Perhaps Arnold's most well known images are those of Marilyn Monroe, whom she first photographed in the early 1950s. The images of Monroe from the set of the film The Misfits over the summer of 1960 perhaps are among the most revealing and poignant captured of the doomed star. The film was in production throughout a turbulent time in Monroe's life as she experienced the unravelling of her marriage to playwright Arthur Miller.
Magnum was given exclusive access to photograph the production of The Misfits directed by John Huston and starring Clark Gable and Montgomery Clift alongside Monroe. Arnold joined the rest of the members of the agency at the time - Cornel Capa, Henri Cartier-Bresson, Bruce Davidson, Elliott Erwitt, Ernst Haas, Erich Hartman, Inge Morath and Dennis Stock - in the Nevada desert for the four month shoot.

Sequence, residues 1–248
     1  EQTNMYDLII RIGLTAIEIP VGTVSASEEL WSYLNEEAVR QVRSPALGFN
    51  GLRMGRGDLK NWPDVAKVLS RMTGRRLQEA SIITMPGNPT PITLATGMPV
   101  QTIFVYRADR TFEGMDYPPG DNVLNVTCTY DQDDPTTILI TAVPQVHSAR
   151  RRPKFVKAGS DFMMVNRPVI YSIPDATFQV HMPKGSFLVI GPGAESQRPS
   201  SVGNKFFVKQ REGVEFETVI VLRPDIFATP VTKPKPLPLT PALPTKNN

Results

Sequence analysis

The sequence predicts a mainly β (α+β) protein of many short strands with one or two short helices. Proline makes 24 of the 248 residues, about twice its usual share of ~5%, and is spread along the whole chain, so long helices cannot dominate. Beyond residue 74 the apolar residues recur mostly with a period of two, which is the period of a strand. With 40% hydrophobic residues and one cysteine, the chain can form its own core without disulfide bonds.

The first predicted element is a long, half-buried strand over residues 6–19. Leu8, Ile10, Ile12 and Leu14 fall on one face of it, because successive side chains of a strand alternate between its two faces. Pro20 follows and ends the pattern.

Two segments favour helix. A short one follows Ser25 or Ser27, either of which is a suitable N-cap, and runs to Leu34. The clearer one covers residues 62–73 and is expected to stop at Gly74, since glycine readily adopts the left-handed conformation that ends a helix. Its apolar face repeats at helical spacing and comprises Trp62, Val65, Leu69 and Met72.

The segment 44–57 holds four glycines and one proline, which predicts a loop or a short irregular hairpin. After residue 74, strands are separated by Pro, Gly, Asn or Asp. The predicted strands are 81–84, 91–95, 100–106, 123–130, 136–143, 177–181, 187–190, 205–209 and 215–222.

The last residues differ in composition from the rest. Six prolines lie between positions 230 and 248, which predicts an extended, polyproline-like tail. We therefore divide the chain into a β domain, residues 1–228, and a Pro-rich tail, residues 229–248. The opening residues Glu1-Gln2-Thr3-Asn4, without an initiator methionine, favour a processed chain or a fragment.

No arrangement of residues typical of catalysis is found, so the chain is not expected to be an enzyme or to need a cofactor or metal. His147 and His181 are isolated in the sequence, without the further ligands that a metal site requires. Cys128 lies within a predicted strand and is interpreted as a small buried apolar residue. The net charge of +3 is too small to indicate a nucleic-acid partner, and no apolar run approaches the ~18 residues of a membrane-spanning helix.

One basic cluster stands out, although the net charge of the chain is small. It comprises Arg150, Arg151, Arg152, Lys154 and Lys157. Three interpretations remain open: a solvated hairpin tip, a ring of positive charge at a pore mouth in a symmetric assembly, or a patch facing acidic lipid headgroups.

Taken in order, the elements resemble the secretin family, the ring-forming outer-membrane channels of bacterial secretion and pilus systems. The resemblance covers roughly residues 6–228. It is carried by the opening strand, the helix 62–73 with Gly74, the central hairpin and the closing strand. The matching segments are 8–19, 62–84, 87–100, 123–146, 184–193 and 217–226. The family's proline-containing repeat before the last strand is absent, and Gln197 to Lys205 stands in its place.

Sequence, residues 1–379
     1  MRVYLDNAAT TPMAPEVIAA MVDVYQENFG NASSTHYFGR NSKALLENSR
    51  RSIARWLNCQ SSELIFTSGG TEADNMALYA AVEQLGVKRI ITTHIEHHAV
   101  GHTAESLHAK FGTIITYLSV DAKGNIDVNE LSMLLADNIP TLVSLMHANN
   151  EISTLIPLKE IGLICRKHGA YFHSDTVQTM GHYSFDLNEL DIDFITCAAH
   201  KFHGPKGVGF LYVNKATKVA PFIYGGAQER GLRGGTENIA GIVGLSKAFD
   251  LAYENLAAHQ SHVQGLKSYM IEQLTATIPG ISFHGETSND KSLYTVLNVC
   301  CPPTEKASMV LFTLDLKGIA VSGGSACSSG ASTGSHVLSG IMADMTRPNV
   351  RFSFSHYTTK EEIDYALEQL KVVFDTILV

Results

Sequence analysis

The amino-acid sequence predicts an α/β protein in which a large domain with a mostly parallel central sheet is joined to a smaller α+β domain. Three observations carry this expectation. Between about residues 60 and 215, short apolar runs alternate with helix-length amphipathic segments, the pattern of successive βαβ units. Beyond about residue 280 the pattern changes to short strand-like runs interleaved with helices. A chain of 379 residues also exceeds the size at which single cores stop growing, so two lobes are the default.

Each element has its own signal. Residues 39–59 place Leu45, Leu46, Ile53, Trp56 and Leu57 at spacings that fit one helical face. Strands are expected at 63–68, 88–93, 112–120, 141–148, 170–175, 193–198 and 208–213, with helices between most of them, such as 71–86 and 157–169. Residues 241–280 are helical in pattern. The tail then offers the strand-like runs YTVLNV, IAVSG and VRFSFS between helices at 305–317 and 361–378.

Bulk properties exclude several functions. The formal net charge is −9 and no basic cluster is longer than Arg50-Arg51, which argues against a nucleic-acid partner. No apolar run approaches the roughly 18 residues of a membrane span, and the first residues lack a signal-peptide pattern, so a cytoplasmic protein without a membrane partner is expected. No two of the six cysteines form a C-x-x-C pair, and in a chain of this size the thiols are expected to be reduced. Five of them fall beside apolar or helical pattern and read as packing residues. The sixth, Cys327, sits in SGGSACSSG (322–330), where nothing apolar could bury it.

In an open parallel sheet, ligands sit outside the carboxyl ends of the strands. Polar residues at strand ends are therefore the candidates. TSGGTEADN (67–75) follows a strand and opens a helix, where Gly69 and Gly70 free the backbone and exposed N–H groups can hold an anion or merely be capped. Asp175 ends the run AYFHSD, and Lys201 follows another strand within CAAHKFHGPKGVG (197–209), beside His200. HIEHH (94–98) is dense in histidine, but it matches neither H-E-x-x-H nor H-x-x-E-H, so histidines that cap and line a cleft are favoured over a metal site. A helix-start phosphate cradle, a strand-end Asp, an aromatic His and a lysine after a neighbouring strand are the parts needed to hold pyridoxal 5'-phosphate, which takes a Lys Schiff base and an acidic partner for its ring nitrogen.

Monroe was the star attraction on set and Arnold seemed to have the most privileged relationship with her. "At photo sessions, she was in total control," the photographer later recalled. "She manipulated everything - me, the camera. She knew a lot about cameras and I had never met anyone who could make them respond the way she did. So she got what she wanted, because she wasn't under all the kinds of pressure she felt during a film-shoot: remembering her lines, enduring hours of preparation. With me, she was in charge of the situations."
On the set of The Misfits, there was a lot of hurry up and wait - not unusual for any film production - but this time everyone had to wait for Marilyn. "The big gossip was always, Would Marilyn work that day?" said Arnold, adding that Monroe, who'd just finished filming Let's Make Love, had admitted to her, "I'm 34 years old. I've been dancing for six months. I've had no rest, I'm exhausted."
Everything that I love